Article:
ISLAMIC REACTION TO THE PROBLEM OF EVIL
Islamic philosophers of the middle ages did not address this problem in any direct fashion. This maybe because in the context of Muslim thought, the existence of God was a prerequisite. In fact, the aim of the philosophers was to prove the existence of God using Aristotelian logic. So we do not find Muslim philosophers arguing against the existence of God, on the contrary they are attempting to justify the qualities of God from a philosophical perspective.
The Muslim philosophers did, however, tackle a different but somewhat similar issue concerning the unity of God. The central problem facing them was how to reconcile the absolute unity and perfection of God with the fact that there exists in the world such great amounts of imperfections. If God is all perfect and the world is a result of divine will, we are then faced with the problem of duality between God and His will. Yet it is this very difference (i.e. the imperfection of the world) that sets it apart from God (who is perfect). How is this consistent with the absolute unity (tawhid) of God which is so central to Islamic doctrine? This issue had been one of the major issues of Muslim thought, and was a subject of great debate between Al-Ghazzali, and other neo-platonic Muslim thinkers. (Landau 17)
It is, however, difficult to find any direct analogue to the problem of evil in medieval Islamic philosophy. However, some positions held by early Muslim thinkers maybe relevant to the free will defense. Early Muslim Aristotelian thinkers like Ibn Sina held that God is a necessary being, who had no other attributes besides His existence, and that all other beings emanated from the divine by necessity. Despite holding this position, they attempted to reconcile it with Islamic doctrines. Ghazzali points out that this is not possible. That is, to say that whatever proceeds from God does so by necessity denies God agency, i.e. it denies Him Free Will. If God has no will, since he has no attributes, then God has no free choice to decide which world to create. It seems that Ghazzali’s criticism can be equally applied to advocate of the problem of evil who states that God by necessity must always in a way that will ensure that its consequences are wholly good. This would then break down the dilemma posed by trying to reconcile the divine attributes of omniscience, omnipotence, wholly goodness versus the reality of evil in the world. Since, now God would not be obliged to abide by the condition of wholly goodness. (Ghazzali 63)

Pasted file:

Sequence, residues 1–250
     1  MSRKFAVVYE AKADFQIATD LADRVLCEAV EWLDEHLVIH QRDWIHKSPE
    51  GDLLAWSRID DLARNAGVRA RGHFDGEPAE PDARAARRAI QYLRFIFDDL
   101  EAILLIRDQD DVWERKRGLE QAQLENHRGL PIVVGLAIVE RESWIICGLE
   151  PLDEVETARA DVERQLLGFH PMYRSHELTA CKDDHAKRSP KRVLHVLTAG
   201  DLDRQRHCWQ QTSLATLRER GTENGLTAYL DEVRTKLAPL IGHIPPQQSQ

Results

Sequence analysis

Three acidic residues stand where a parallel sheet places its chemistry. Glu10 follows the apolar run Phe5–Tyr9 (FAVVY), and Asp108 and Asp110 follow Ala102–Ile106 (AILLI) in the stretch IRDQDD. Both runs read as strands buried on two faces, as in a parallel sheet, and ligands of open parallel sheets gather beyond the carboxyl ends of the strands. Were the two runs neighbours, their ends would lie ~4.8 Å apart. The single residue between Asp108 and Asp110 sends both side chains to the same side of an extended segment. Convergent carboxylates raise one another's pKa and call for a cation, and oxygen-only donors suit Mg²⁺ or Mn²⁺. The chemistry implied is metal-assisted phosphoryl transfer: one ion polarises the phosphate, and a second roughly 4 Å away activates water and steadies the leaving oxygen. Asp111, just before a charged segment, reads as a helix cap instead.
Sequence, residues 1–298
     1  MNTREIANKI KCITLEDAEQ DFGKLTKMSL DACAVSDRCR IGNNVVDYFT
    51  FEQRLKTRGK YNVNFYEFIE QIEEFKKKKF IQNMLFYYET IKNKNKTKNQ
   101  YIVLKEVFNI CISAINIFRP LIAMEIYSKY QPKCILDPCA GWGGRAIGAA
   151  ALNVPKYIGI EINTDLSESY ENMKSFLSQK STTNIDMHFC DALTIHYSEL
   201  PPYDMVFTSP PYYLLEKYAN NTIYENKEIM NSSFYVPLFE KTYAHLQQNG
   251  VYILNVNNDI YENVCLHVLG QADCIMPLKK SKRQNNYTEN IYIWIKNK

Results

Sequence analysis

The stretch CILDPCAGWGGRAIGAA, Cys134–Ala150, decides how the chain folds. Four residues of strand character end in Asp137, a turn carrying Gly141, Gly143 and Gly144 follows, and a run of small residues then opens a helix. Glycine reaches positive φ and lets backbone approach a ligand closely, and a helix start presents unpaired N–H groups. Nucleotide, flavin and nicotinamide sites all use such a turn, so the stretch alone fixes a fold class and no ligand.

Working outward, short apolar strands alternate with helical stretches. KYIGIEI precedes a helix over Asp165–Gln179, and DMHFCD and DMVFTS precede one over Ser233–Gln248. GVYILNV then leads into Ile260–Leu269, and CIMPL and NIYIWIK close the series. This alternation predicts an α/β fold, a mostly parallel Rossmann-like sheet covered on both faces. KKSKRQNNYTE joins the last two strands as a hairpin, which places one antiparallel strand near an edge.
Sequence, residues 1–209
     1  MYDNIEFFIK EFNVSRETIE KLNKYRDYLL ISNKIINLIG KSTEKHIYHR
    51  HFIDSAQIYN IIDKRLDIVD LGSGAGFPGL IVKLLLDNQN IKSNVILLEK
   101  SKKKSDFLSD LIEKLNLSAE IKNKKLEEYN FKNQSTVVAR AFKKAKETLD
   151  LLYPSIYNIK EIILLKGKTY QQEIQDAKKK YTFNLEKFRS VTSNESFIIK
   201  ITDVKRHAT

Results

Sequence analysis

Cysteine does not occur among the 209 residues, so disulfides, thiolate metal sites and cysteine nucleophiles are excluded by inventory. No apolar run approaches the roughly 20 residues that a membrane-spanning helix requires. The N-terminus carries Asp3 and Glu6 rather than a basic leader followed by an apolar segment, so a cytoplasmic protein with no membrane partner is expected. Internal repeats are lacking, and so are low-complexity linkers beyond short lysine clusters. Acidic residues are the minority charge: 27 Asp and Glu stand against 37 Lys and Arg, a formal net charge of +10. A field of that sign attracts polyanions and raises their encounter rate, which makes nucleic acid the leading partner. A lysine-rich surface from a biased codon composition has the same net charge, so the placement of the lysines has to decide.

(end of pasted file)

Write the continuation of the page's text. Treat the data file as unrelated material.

Another stream of thought in Islam, advocated by Ghazzali, Ibn Arabi, Al-Attas and Islamic mystical traditions, is to argue that the only true way to grasp the ultimate reality, and thus resolve this problem is through a “direct awareness of Reality,” unencumbered by intellectual interference (Laudau 20). This aspect will be discussed at length in the Arguments from Religious Experience section.
The lack of intense debate on the problem of evil maybe because the problem
was not formulated at the time, or that Muslim thinkers were preoccupied by
other issues. In modern times, the 20th century Islamic
philosopher Muhammad Iqbal does attempt to address this problem.
Iqbal could here be subject to criticism, since he has ignored the victims of evil. What about those people who suffered so the rest of mankind could build itself? Iqbal’s answer here would be consistent with his philosophy of self. Like Nietzche, Iqbal believed that ultimately the self, the individual is the only thing of utmost importance. That is we have no concrete knowledge of the external world and factors therein. What we can be sure of is only ourselves, hence, we must view happenings to beings other than ourselves only in the capacity in which they help to build ourselves. The fact that the suffering of an innocent victim serves to bolster our personality is sufficient. The independent suffering of the external individual cannot be verified.
Nietzche has criticized Christian theology for placing mankind in a state of guilt for the original sin, Iqbal had pointed out that this concept of original sin is absent in Islam, and that the Quran encouraged a positive self image of the self or man. Many modern Christian theologians also adopt this view.